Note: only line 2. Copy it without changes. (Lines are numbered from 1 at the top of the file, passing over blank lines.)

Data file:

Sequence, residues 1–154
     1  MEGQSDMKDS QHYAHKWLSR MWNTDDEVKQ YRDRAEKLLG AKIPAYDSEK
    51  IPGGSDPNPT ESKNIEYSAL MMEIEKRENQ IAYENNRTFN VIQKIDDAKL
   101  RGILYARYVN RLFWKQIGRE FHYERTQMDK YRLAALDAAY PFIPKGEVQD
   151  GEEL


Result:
     1  MEGQSDMKDS QHYAHKWLSR MWNTDDEVKQ YRDRAEKLLG AKIPAYDSEK